Stepping into 2016, we have exciting news.
We start 2016 with the release of the LTE SatSite Model 142, with software-selectable LTE or GSM/GPRS operation, generating 10-20 Watts LTE power output with a power consumption of only 65-80 Watts. We also prepared new features and updates for YateHSS/HLR after receiving relevant feedback from our customers. And there is the new YateBTS website, which now offers extensive information on our products, solutions and our technology.
SatSite Model 142 launch
The LTE SatSite Model 142 delivers software-selectable LTE or GSM/GPRS operation from the same base station.
In both LTE and GSM/GPRS modes, the SatSite Model 142 generates a higher output power than the previous model. As an eNodeB, the SatSite operates at up to 20 Watts, at bandwidths of 1.4 to 20 MHz, while in GSM/GPRS mode the SatSite operates at up to 20 Watts for 1-TRX or 2 Watts/TRX in multi-TRX configuration (at up to 4-TRX). The SatSite weighs only 5kg and has a low enough power consumption that it can be easily powered by solar panels in most of the world.
Its required backhaul is under 100 Mbit, resulting from the fact that, unlike many LTE solutions, the SatSite is a unified LTE eNodeB, and not a remote radio head (RRH) that needs a separate baseband unit (BBU).
For more information about Model 142’s complete specifications, please check the datasheet.
YateHSS/HLR new features
On the core network side, we start 2016 with new features to the YateHSS/HLR: scalability (cluster configuration), multi-IMSI support and support for separate circuit-switched/packet-switched network profiles.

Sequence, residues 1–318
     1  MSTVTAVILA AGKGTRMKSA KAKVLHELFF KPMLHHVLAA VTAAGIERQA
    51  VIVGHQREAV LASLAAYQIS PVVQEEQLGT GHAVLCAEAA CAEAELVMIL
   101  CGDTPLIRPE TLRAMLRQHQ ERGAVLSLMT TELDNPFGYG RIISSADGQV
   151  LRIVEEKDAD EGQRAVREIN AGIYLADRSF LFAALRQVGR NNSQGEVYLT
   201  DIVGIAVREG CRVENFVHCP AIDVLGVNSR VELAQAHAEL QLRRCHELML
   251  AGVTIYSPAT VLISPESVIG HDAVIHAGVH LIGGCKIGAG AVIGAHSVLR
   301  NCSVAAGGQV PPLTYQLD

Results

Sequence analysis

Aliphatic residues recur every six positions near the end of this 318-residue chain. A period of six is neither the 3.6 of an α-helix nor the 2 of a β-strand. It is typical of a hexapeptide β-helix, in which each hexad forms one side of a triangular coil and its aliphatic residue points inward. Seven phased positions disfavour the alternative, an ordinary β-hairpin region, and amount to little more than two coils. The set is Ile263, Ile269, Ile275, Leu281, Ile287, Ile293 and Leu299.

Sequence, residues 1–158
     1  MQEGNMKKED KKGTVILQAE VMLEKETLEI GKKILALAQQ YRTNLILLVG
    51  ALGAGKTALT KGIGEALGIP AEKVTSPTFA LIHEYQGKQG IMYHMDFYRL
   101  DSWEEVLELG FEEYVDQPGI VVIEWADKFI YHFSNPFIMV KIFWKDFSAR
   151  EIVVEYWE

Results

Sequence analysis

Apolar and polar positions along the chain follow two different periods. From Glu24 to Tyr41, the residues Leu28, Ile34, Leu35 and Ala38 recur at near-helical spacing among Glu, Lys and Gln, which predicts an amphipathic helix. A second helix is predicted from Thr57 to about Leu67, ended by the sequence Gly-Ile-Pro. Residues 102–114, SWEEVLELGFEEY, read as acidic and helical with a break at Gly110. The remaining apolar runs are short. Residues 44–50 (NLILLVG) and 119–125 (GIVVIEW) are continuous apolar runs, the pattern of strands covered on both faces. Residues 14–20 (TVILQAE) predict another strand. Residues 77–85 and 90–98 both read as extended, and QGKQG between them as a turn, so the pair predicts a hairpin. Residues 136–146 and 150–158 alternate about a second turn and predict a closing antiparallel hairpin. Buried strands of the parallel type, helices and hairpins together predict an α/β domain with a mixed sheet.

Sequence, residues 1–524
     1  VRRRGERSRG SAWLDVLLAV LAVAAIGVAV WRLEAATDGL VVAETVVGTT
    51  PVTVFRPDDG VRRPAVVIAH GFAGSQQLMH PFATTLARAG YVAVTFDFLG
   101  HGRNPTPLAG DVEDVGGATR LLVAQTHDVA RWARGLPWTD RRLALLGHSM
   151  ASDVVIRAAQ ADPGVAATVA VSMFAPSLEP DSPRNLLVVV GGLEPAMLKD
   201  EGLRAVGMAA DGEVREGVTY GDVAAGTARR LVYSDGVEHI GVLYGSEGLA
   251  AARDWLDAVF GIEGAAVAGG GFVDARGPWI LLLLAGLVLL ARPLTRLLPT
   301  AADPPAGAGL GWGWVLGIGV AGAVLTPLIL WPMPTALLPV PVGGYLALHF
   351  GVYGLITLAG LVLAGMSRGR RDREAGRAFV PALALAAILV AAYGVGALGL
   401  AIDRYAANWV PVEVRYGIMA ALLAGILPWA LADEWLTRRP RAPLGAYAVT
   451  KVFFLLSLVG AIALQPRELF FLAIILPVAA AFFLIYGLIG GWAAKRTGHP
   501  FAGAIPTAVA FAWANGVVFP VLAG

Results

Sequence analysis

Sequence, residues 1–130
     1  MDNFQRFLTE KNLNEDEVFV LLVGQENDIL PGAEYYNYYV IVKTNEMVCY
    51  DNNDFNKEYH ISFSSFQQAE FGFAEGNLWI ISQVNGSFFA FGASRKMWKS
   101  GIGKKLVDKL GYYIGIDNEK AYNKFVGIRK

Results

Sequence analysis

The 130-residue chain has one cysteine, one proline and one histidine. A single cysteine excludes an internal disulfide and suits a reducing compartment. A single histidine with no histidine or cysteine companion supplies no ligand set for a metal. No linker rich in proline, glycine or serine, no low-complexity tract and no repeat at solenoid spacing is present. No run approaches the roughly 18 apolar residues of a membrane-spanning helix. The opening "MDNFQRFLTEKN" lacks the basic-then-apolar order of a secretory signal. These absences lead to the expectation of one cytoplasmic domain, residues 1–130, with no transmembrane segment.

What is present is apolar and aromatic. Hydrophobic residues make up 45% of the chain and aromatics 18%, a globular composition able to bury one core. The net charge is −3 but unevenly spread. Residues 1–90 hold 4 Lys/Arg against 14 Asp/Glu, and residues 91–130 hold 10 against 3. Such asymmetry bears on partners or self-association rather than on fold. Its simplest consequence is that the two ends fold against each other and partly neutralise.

Cluster configuration allows YateHSS/HLR nodes to work in a cloud to provide scalability. YateHSS/HLR servers all provide the same service and handle the same subscribers. If a server fails, the subscribers are distributed to the other YateHSS/HLR nodes in the cluster, which continues to provide the same services.
Multi-IMSI support allows YateHSS/HLR to respond to an alternative IMSI from the same SIM card, in different roaming scenarios. The feature sends an HTTP request to the operator’s server after the subscriber tries to roam into a new network. The operator’s server uses the request to trigger an IMSI change in the SIM using an OTA mechanism. The SIM carries a multi-IMSI application that ensures that the SIM will return to the main IMSI if it cannot register with the alternative IMSI.
The support for separate CS/PS profiles means that subscribers’ profiles are grouped according to the types of services associated to them, allowing the profiles to be easily updated to provide new services. For example, a subscriber might have “Prepaid voice, roaming”, “Prepaid data 1Mbps, not roaming” and “LTE not allowed” settings. It is easy to change one service of a subscriber by simply selecting another profile.
A few final words…
We have entered 2016 with great new core network features and new RAN product releases, making new opportunities for operators. Follow us on Twitter, LinkedIn, YouTube and Facebook to find out first about our new announcements and releases.